Several social media users in South Africa have published photos of what appears to be an informal alcohol distillery. The images show bottles, labels and boxes of well-known alcohol brands, as well as two men lying face down with their arms handcuffed behind their backs.
In June 2022, 21 people were found dead in Enyobeni Tavern in East London. Most of the dead were teenagers under the legal drinking age of 18. Social media users have said “fake alcohol” caused the deaths.
But are these claims true?
Photos from KwaZulu-Natal province, unrelated to Enyobeni Tavern deaths
Almost everything about these claims is false, starting with the fact that the photos don’t show East London, or even the Eastern Cape.
A Google reverse image search revealed the photos were taken in Newcastle, in KwaZulu-Natal province, and had nothing to do with Enyobeni Tavern.
The nationalities of the four suspects – not 10 – were not disclosed by police, and there is no evidence that the suspects were from outside South Africa.
There is no connection between the incident and Enyobeni Tavern.
Cause of deaths at tavern not ‘fake’ alcohol
The cause of the Enyobeni disaster had not been determined at the time of writing. Early toxicology reports detected carbon monoxide, a poisonous gas, in the blood of the victims. This led to media reports that the deaths had been caused by petrol fumes from a generator running in the tavern.
Investigators have dismissed this rumour. Officials from the Eastern Cape department of health’s forensic pathology services told news outlet TimesLive that it was “highly unlikely the cause of death was fumes from a generator”. They said media reports suggesting otherwise were “completely untrue”.
Experts said investigations into the cause of the deaths were still ongoing, and asked the public to refrain from speculating about the investigations.
Xenophobia driving false claims and calls for violence
Many of the Facebook and Twitter posts sharing these claims have linked to the same article or quoted from it exactly. Published on website TheEdgeSearch.com, which claims to publish “breaking news”, the article uses xenophobic language and seems to have introduced many of the false aspects of this claim.
Xenophobia is the hatred or fear of people from other countries. Let’s trace the origins of this claim from fact to fiction.
At some point, photos of the illegal Newcastle distillery and arrests were posted on a popular South African Facebook page with nearly 400,000 followers, Blessings Ramoba Blog. The photos were captioned: “They must go.”
The post did not claim outright that the distillery was run by so-called “foreign nationals”, and didn’t mention Enyobeni Tavern. However, the phrase “they must go” implied that foreigners were responsible for the illegal distillery, and should be forced to leave South Africa.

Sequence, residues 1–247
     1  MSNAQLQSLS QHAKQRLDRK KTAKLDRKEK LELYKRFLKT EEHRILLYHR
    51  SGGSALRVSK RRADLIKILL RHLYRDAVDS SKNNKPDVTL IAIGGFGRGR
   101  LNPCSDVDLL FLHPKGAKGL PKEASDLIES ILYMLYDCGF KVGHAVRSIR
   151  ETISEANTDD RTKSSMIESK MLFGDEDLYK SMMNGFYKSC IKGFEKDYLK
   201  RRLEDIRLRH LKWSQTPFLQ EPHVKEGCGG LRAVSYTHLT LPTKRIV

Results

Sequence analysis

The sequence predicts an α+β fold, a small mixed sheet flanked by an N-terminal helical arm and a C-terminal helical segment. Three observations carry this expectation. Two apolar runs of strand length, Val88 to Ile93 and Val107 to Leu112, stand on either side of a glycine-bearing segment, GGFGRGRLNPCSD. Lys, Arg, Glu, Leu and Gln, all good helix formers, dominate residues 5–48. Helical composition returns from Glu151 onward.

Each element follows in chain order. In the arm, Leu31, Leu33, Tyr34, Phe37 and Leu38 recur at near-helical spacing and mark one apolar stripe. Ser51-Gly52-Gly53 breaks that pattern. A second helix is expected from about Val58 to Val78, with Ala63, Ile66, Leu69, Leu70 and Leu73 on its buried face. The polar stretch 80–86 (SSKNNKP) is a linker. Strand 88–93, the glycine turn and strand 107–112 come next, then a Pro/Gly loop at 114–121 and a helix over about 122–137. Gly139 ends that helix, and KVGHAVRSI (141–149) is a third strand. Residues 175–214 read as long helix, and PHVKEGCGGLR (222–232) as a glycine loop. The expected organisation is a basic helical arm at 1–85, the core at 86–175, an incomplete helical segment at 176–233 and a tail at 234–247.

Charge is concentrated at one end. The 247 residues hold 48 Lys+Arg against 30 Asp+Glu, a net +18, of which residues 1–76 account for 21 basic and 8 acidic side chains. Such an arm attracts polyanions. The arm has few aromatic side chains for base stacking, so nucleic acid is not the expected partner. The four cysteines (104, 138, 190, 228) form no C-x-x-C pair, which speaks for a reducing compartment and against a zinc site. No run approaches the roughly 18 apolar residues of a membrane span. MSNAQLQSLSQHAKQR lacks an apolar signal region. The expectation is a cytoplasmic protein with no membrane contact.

It is a common xenophobic stereotype that most crimes are committed by immigrants.
The authors of the Edge Search article appear to have picked up on the xenophobic Facebook post. The article included a screenshot from the post and seems to have taken many of its claims from replies to the post, in some cases quoting replies almost word-for-word.
One reply reads: “‘They must go home’ is the song we have been singing for years and we shall continue to sing it, this people aint going nowhere!”
Part of the Edge Search article reads: “We have been singing ‘They must go home’ for years, and we will continue to sing it since this population is not going anywhere!”
Another paragraph reads: “The president, legislators, and police officers are all corrupt, and the constitution is a joke. South Africans, you are doing a fantastic job of attaining the status of Zimbabwe.”
This is almost identical to another Facebook comment: “The president is corrupt, politicians are corrupt, police man are corrupt, the constitution is a micky mouse. Congratulations south africans we are really doing well in achieving the status of Zimbabwe”.
Social media spreads unsubstantiated rumours
The Edge Search article repeated this without evidence, and the claim spread further on social media and elsewhere as though it were fact.
The Facebook post falsely implied that the distillery pictured was run by immigrants and the Edge Search published this as though it were fact. The article added more (false) details, including how many people were arrested and where.
These claims then spread on social media, often without any context showing they came from an unreliable source.
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